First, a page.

tremendous verse of Scripture when we examine it
closely to see the greatness of God’s Word.

After having the function of God–breathed
Scripture – doctrine, reproof, and correction which
are instruction in righteousness – disclosed in one
concise verse, God follows with the next line in II
Timothy 3 by giving the purpose of the God-breathed

II Timothy 3:17:
That the man of God may be perfect, throughly
furnished unto all good works.

The purpose, as it says, is “that the man of
God....” Let us see who is a man of God. The word
“man” in this usage means “one who is a spokesman
for God, one who speaks for God.”

Deuteronomy 33:1:
And this is the blessing, wherewith Moses the
man of God blessed the children of Israel
before his death.

Moses was a man of God because he spoke for
God. Deuteronomy 18:15 reads,

The Lord thy God will raise up unto thee a
Prophet from the midst of thee, of thy brethren,
like unto me; unto him ye shall hearken.

Moses was this man of God. He was a prophet,
one who speaks for God. The greatness of this is
that every time that a believer speaks the accuracy
of God’s Word, he is like a man of God. When you
speak the accuracy of God’s Word, you are as a
man of God. When we speak His Word, we are
speaking as though God Himself were speaking.

God’s purpose is “that the man of God [the one
who speaks for God], may be perfect....” Somebody
may come along and say, “Well, you cannot be
perfect.” The Word of God says we are to be.

The Greek word for “perfect” is used only this
one time in the Bible which makes it especially
interesting in Biblical research and accuracy. The
word “perfect” is the Greek word artios used as an
adjective. Artios is defined in two ways. One way is
describing a ship when it is equipped for its voyage,
having on it everything needed to make a successful
trip. Whenever that ship is so perfectly outfitted that
it lacks nothing, then the word that is used in Greek
is artios. The other usage of artios regards the ball-and-
socket joint. As the ball of the hip fits into the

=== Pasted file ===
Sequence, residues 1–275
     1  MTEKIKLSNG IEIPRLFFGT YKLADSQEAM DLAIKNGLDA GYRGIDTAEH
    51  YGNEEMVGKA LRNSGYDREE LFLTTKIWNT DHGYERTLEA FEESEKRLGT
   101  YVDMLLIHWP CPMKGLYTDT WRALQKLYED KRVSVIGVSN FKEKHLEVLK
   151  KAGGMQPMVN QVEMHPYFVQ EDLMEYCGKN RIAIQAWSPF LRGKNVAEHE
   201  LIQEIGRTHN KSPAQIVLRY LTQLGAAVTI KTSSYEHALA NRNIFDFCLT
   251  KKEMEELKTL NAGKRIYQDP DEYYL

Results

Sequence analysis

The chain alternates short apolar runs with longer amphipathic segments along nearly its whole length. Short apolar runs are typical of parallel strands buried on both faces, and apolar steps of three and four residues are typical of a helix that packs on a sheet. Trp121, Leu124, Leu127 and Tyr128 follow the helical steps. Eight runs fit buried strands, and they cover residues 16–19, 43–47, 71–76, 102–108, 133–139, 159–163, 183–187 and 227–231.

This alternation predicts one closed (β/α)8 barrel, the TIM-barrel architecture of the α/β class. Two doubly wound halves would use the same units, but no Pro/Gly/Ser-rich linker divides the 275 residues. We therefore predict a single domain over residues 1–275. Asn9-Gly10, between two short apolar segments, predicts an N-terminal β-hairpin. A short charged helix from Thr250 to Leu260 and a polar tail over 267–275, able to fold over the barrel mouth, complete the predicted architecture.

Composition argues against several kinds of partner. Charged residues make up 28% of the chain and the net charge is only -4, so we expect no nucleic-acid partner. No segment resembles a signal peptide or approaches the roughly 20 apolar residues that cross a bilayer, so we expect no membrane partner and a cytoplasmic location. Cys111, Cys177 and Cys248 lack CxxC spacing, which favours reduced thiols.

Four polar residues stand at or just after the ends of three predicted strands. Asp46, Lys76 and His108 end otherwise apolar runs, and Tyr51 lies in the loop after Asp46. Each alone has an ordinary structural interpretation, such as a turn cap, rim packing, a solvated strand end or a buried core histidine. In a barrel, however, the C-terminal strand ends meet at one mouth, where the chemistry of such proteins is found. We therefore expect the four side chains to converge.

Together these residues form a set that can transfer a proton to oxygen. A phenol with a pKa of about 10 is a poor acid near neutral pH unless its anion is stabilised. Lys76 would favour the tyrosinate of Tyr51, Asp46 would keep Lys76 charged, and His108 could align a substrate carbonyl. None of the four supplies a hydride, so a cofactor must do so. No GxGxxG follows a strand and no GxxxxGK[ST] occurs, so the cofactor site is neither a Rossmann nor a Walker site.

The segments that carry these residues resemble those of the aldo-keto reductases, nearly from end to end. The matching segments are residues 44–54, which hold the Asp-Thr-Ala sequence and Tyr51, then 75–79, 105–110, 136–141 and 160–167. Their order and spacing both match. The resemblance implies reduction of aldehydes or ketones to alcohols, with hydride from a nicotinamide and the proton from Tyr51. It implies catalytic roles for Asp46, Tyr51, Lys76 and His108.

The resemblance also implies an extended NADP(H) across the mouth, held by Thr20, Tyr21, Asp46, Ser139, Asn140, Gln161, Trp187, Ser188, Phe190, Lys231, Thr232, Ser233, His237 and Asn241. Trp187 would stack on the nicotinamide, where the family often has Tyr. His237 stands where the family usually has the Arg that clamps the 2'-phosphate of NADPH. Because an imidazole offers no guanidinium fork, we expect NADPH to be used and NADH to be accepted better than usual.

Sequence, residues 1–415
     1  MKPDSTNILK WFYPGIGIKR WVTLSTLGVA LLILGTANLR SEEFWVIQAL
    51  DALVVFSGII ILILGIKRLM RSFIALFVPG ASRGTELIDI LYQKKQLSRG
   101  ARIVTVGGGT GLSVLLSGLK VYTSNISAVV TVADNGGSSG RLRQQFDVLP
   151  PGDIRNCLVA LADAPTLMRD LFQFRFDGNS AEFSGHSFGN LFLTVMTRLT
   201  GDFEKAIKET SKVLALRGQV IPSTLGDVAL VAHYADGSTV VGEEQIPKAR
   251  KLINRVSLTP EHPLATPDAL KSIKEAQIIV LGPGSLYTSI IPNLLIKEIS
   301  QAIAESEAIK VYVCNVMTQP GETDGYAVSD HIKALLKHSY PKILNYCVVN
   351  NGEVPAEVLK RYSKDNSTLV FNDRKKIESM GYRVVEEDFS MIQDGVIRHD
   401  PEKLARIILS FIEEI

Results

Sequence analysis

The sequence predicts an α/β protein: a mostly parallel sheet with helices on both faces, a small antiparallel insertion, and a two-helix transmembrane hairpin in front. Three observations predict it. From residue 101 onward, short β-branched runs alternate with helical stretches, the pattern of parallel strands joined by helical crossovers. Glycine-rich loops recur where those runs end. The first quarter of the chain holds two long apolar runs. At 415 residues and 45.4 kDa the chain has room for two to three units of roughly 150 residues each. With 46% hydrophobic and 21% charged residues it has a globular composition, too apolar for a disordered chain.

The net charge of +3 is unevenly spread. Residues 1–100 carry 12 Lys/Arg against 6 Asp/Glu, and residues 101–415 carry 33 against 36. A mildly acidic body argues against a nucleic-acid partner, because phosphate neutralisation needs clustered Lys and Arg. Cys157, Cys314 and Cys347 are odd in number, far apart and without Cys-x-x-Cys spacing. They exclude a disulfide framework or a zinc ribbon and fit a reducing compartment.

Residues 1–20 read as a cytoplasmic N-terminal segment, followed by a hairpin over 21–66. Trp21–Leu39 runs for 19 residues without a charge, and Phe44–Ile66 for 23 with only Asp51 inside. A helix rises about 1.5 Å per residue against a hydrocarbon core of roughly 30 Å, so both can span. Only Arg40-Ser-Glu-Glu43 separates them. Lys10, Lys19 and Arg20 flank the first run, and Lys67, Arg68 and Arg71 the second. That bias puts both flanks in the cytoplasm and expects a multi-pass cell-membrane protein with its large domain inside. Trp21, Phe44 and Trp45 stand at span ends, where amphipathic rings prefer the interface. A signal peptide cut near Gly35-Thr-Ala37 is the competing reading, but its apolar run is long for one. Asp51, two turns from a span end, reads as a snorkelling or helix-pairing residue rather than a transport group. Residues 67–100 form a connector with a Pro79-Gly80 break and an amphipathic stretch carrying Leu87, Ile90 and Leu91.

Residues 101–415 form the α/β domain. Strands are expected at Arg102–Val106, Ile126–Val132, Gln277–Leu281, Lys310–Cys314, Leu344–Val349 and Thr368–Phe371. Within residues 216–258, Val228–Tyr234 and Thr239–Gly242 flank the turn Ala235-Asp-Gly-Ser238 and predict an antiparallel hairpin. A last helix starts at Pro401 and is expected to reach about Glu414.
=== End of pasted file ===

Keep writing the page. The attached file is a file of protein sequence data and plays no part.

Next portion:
socket, for example, is called artios. If one should
have even the tiniest foreign particle in the ball-and-socket
joint of the hip, the pain would be excruciating.

God’s Word declares the purpose of the Word of
God is that the man of God may be perfect, without
one foreign body there to cause a blemish. The
purpose is for the man of God to be so perfect that
he has everything that is ever needed in every
situation, not lacking one thing. He is completely
prepared for a successful voyage.

Then in II Timothy 3:17 comes the next word:
“That the man of God may be perfect, throughly....”
The word is “throughly,” not “thoroughly.” I have
asked hundreds of people in classes to read this
verse of Scripture, and 99 out of 100 will read that
word “thoroughly.” When we do not read what is
written, how can we expect to understand the Word
of God? People are constantly reading into it. Our
minds project rather than read. It is basic that we
read what is written. II Timothy 3:17 does not say
“thoroughly;” it says “throughly.” You may ask,
“What is the difference?” You see, I can wash
hands thoroughly, but I cannot wash my hands
throughly. “Throughly” implies an inside job
whereas “thoroughly” is for the external. The
purpose of the Word of God is that the man of God
may be perfect, not on the outside, but on the

If the word “thoroughly” is in your Bible, it is a
proofreader’s oversight. If it were typed accurately,
the word would always be printed “throughly” One
cannot have perfection on the outside unless he first
has perfection on the inside. The purpose of the
Word of God is that the man of God may be perfect
on the inside as a starting point.

“That the man of God may be perfect, throughly
furnished....” At this point, the translation has failed
to communicate the impact of this verse. The word
“furnished” is from the same root word in Greek as
the word “perfect.” The Greek word for “perfect” is
artios; the Greek word for “furnished” in II Timothy
3:17 is exartizō. Exartizō is a verb whereas artios is
an adjective. Literally it says, “That the man of God
may be perfect, throughly perfected....” Not only is
the man to be perfect, but he is to be through and
through and throughly perfected.

In two short verses of Scripture, The Word tells
us both its own function and its purpose.

II Timothy 3:16, 17:
All scripture is given by inspiration of God,
and is profitable for doctrine, for reproof, for
correction, for instruction in righteousness:
That the man of God may be perfect, throughly
furnished unto all good works.

What a foundational revelation to our study and
understanding of the Word of God!